Defying Trump, Merkel Backs Macron's Call for EU Army




 

(Bloomberg) -- German Chancellor Angela Merkel set out her vision of a more assertive European Union, with a European army, as a flurry of provocative tweets from Donald Trump sought to stir up old divisions between western allies.

The normally understated chancellor took an uncharacteristically bold stance as she addressed EU lawmakers in Strasbourg. She'd spent the weekend commemorating the end of World War I in Paris alongside more than 60 global leaders and witnessed first hand the tensions between Trump and France's Emmanuel Macron.

In the French capital she defended her world view against the U.S. president's barbs as he sparred with Macron. In the EU parliament on Tuesday, she went a step further, telling deputies they need to adapt to a world in which Europe's traditional allies may no longer guarantee the continent's security.

"We should also work on the vision of one day creating a genuine European army," Merkel said. "The times in which we could unconditionally rely on others are over."

As many lawmakers applauded, the comments drew loud jeers from euroskeptic lawmakers at the margins of the chamber.

The German leader set out a three-year timetable for her departure from the political stage last month, freeing her hand to focus on her legacy rather than the demands of the next election. After holding the euro area together through the debt crisis and pushing back against Russian aggression in the east, her time in office is winding down with EU values threatened by the rise of nationalism at home and the U.S. president cheering from the sidelines.

On Tuesday, Trump was still grousing about the perceived slights from his weekend in Paris.

At 6:50 a.m. in Washington, he tweeted another attack on the French leader, mocking the idea of a European army and implying that the French had needed the U.S. to rescue them from the Germans in both world wars.

Over the next couple of hours, as many in France were remembering the Paris terror attacks that killed more than 130 people exactly three years ago, Trump sent out a series of further jibes. He accused Macron of stirring up controversy to distract from his poor approval rating, complained about French tariffs on U.S. wine and offered an explanation for pulling out of a visit to a military cemetery due to bad weather.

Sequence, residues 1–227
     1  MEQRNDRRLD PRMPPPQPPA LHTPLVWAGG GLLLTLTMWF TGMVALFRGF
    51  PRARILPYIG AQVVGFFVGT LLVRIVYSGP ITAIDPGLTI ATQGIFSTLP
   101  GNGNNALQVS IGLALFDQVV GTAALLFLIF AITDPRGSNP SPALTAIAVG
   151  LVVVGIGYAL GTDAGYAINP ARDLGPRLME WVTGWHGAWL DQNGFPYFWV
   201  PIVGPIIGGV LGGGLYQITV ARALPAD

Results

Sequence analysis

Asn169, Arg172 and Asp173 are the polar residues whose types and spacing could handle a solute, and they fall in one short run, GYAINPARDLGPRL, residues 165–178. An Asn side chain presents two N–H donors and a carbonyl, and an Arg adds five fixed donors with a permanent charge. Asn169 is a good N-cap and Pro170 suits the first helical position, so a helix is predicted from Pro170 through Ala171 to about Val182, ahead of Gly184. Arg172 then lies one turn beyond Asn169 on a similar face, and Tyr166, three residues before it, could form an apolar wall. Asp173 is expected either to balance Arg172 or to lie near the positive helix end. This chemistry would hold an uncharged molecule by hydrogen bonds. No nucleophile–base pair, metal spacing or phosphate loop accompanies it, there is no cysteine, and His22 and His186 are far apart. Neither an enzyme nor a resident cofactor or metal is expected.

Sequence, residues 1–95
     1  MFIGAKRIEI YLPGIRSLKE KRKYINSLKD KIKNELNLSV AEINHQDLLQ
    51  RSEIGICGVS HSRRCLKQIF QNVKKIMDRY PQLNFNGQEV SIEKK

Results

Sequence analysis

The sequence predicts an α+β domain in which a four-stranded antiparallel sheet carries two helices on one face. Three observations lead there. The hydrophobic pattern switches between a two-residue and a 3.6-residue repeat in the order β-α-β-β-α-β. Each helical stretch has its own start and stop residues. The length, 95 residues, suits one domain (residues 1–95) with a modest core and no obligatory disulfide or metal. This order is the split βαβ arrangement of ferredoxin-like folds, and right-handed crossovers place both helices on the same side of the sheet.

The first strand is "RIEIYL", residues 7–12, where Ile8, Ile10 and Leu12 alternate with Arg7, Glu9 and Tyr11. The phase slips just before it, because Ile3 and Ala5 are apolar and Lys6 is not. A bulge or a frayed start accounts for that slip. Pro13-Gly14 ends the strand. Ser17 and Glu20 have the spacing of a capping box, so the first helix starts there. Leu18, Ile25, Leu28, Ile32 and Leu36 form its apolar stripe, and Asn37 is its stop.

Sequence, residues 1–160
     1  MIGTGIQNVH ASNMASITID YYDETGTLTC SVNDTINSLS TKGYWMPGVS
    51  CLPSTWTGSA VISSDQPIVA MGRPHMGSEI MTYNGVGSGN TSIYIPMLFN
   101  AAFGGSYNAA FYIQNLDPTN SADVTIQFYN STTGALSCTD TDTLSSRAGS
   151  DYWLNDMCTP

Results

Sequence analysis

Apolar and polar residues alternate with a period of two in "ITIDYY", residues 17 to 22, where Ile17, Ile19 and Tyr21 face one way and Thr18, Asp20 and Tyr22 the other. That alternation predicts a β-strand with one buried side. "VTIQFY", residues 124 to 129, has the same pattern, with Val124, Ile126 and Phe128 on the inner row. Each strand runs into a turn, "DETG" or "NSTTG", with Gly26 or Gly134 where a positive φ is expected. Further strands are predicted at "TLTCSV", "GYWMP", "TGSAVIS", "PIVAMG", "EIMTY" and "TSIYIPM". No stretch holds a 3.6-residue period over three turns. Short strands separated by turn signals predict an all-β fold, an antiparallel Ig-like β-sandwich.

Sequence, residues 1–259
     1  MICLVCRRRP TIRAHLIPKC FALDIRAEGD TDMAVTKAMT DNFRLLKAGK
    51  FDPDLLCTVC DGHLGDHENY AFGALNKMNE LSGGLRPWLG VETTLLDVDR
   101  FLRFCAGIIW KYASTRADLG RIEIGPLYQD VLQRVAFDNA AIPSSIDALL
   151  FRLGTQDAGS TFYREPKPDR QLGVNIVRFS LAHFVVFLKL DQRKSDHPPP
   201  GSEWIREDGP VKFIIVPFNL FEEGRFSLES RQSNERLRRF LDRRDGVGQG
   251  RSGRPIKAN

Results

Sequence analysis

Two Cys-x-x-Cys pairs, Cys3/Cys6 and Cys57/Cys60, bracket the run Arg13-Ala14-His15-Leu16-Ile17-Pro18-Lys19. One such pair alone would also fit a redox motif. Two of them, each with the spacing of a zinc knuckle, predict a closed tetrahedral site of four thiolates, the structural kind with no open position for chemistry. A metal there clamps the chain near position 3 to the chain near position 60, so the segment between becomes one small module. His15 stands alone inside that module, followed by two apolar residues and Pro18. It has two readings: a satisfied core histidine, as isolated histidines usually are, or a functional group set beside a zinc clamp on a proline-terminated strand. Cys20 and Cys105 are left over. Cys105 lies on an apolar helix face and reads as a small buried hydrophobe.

A senior aide to the French president said he was glad that Trump had taken the time to study some history. Former Belgium Prime Minister Guy Verhofstadt gave Trump another history lesson on his own Twitter account.

The French official said he thought the tweets were aimed at Trump's domestic audience. He said the two leaders speak several times a week and their relationship is fluid, even if it isn't always easy. Trump may be facing further turbulence at home later on Tuesday with CBS reporting that Special Counsel Robert Mueller may issue new indictments relating to his probe of Russian interference in the 2016 election.

Merkel said an EU army would be "a positive extension" of the U.S.-led NATO alliance. In another jab at Trump, she expressed concern in an evening speech in Berlin about "very vehement attacks on multilateralism." The global order that arose after World War II is worth defending, Merkel said.

Merkel has been urging her European colleagues to build or expand independent structures since last year, when Trump castigated NATO leaders in Brussels and withdrew from the Paris climate accord.

The U.K. government, which is negotiating its exit from the EU, won't support the idea of an EU army, a spokeswoman said.

(Updates with Merkel comment on threat to U.S.-led order in 13th paragraph.)

To contact the reporters on this story: Patrick Donahue in Berlin at pdonahue1@bloomberg.net;Jonathan Stearns in Strasbourg, France at jstearns2@bloomberg.net

To contact the editors responsible for this story: Ben Sills at bsills@bloomberg.net, Tony Czuczka

For more articles like this, please visit us at bloomberg.com

©2018 Bloomberg L.P.

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